A geochemical and mineralogical update on two major tonsteins in the UK Carboniferous Coal Measures

D. A. Spears, S. I. Arbuzov

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10 Citations (Scopus)


Samples of two prominent tonsteins in the UK Carboniferous coal-bearing strata, representing kaolinised mafic ash and felsic ash have been comprehensively analysed by ICP-MS, laser ablation ICP-MS, SEM/EDX, XRD and XRF. Compositions have been compared with possible parent ashes in order to establish the extent to which elements are lost or retained during the alteration process. This is more readily achieved for the mafic tonsteins because they can be directly linked to the local, contemporaneous volcanics. The volcanic source of the felsic tonsteins is not known with certainty and the geochemical comparisons are made with modern volcanics from what is thought to be a similar tectonic/magmatic setting. Evidence of element migration during the tonstein formation has also been obtained by analysing the adjacent coals. Some mobility of U, Th, Nb, Y, Zr Hf and Ta is demonstrated, which imposes some constraints on the use of discrimination diagrams for the interpretation of original ash composition and tectonic setting. Notwithstanding some mobility of the incompatible elements, the discrimination diagrams are of use in providing broad igneous groupings. The TiO2/Al2O3 ratio is useful in that these two elements show the least mobility and the ratio is diagnostic of ash composition and sediment inclusion in the ash if the quartz content is also taken into account. The sediments associated with the felsic tonstein do not have a constant value for this ratio, which increases with grain size and quartz content and enables ash with included sediment to be recognized. Based on SEM/EDX and LA ICP-MS element locations have been identified. Zircon is a diagnostic volcanogenic mineral which makes an important contribution to the trace element budget, but there are other sources, notably a range of phosphate minerals, some of igneous origin and others diagenetic. This is also demonstrated from the whole rock geochemistry which shows there is an excess of U and Th over that which can be accommodated within the calculated zircon content. The REE profiles for the two types of tonstein differ significantly to each other. One is comparable with the profiles recorded from the associated basalts and partial melting of the upper mantle is thought to be responsible. The felsic tonstein, on the other hand, shows a profile common to many rhyolites with evidence of significant fractional crystallization. Again, in spite of some mobility during the alteration, the REE profiles appear to reflect the original ash composition, which is consistent with other aspects of the geochemistry.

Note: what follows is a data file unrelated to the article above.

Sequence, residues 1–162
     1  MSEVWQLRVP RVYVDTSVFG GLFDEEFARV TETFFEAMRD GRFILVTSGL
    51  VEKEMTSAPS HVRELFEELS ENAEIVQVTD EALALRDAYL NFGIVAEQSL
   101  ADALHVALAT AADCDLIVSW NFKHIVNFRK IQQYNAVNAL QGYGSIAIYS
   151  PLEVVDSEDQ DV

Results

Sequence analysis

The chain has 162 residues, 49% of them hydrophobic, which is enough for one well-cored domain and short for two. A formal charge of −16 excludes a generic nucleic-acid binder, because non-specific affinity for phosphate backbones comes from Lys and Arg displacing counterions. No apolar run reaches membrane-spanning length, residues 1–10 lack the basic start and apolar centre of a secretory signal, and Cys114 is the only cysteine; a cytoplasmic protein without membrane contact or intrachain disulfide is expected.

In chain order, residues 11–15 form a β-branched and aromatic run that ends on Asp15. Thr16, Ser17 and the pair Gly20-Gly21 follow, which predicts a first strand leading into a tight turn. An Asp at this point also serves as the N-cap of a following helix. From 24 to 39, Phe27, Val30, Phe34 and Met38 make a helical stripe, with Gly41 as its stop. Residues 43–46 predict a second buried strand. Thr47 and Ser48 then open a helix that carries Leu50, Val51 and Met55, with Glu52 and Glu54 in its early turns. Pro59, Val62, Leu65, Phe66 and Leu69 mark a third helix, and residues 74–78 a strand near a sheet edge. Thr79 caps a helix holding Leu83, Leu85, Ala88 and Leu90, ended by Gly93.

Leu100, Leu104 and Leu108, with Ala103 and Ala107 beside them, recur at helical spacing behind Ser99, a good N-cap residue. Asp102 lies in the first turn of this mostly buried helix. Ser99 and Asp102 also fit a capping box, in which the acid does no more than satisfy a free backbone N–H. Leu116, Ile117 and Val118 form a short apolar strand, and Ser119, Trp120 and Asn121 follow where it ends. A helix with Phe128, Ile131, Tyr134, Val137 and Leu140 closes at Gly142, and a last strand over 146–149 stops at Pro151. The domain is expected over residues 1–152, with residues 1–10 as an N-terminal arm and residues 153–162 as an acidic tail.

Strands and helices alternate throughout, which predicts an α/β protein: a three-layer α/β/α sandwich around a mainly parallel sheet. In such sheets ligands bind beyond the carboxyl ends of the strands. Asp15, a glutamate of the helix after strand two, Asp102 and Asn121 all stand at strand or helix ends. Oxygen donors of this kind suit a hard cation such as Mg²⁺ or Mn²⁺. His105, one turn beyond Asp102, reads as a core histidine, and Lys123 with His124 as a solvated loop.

Original languageEnglish
Article number103199
JournalInternational Journal of Coal Geology
Publication statusPublished - 1 Jun 2019

ASJC Scopus subject areas

  • Fuel Technology
  • Geology
  • Economic Geology
  • Stratigraphy

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